He aggressively pursued me, now he needs space. Is this an excuse?

Raychealjoy asks:

Been dating a guy for a month now. From the beginning he has initiated communication every day and initiates date plans. We saw each other about 4 times a week all invitations by him. I showed my appreciation and loved the amount of communication and hanging out. I’m almost sure the feelings are mutual, at least to me it is. We had plans to hang out this weekend that he apparently had forgotten about so he didn’t text me until the next day and said he needed space, and that he feels pressured to talk and hang out everyday especially in the beginning of our relationship.

Knowing that I have let him set the pace and that I really don’t mind not talking as much or hanging out, this really offends me. On a side note, I noticed he added a woman on his fb over the weekend, which in his case is random (at least I think it is). Not sure if that bit of information means anything or if I’m reading into that too much.

What to do? Is this just an excuse to get out of seeing me?

Demetrius says:

I’m a big believer in the idea that people tell you exactly who they are when you date them, given a long enough timeline. People either go in to dating with their true self on display in the beginning or they show you who they are after they lose the will or patience to keep up their front. It seems to me like the latter is this case with this guy. He held up his front for a while, but now he’s reverted to his true self. If I had to guess why, well there are two probable reasons: He’s moved on to trying to pursue a new woman OR You’ve had sex and that was his main goal.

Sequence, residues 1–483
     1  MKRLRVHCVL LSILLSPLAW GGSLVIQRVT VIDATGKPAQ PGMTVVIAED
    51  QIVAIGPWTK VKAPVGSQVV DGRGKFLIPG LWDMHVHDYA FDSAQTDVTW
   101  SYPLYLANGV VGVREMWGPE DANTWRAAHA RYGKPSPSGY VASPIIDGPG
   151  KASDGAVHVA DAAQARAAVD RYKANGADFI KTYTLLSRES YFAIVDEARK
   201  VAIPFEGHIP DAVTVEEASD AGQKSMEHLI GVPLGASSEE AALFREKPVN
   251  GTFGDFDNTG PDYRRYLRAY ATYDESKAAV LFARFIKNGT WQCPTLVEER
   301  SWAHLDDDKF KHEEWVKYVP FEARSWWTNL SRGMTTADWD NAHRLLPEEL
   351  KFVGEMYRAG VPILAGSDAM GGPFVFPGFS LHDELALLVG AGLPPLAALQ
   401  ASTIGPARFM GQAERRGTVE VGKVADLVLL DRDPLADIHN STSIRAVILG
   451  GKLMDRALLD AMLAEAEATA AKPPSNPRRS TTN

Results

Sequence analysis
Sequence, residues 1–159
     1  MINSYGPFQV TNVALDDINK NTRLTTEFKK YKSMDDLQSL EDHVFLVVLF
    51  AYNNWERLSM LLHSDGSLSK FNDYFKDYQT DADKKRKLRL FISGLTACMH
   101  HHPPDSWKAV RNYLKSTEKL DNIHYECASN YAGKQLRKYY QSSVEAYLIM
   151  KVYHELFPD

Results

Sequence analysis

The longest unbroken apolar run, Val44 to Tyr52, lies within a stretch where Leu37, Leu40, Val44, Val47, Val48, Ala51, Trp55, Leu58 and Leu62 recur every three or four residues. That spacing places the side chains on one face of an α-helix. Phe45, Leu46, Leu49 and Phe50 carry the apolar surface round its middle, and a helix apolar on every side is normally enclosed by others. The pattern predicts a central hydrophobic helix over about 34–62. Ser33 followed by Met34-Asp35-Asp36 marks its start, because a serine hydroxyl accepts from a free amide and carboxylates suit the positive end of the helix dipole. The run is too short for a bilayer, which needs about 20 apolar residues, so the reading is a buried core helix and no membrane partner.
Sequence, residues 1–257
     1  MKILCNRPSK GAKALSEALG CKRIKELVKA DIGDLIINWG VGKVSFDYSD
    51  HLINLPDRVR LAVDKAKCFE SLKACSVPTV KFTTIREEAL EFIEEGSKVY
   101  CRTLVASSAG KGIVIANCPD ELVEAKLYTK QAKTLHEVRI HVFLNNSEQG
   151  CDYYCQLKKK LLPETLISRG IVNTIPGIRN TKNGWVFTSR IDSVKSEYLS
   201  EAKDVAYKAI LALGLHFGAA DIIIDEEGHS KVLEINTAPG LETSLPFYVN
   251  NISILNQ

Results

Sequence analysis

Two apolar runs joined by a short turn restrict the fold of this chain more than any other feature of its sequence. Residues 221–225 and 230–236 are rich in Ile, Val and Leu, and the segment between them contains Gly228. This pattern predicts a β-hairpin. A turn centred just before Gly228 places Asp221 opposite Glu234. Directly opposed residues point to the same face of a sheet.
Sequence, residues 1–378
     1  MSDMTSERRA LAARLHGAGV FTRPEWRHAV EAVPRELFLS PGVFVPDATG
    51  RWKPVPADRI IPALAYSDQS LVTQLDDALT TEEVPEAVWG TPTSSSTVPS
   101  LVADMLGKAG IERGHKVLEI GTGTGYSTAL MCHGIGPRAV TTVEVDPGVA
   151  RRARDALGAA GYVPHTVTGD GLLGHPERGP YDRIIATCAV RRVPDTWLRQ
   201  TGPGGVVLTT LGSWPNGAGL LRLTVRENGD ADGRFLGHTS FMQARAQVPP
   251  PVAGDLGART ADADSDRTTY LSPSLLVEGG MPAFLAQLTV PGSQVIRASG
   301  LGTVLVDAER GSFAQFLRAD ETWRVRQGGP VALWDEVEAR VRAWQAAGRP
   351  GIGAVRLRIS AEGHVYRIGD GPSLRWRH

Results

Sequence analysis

You might be thinking to yourself that it’s quite the leap to make but just hear me out. Here’s what we know about your situation. He aggressively pursued you by initiating contact and making date plans. He managed to squeeze in seeing you 4 times a week, all by his invitation. Based on this info, it’s safe to say you’ve hung out at least 16 times (4 weeks by 4 times a week). To me, that sounds like a very smart and effective way to build up a connection and go on several dates in a very short time frame. If you see someone more than half the month, you’re sure to connect, and based on the fact that most people have sex with a new partner after 3 dates, I think I’m safe in saying that you were intimate, or at minimum, have gotten pretty far in the sexual part of your relationship. After all of this, all the time he put into spending time with you at his own behest, he suddenly said he needs space? I’d say it’s interesting or uncommon but I’d be lying to you. It’s fairly clear that he’s moved on and because he set the tone for the relationship, he also built-in his own excuse for wanting to leave/get space. It’s a very clever way to date, because he not only gets what he wants, he also causes you to have some doubts about him. This way, he can put you on the backburner and have a great way to walk back into your life. If he resurfaces next month and says “I thought about it, I don’t need space” you might be inclined to bring him back into your life. All very clever, so I would advise not falling for it.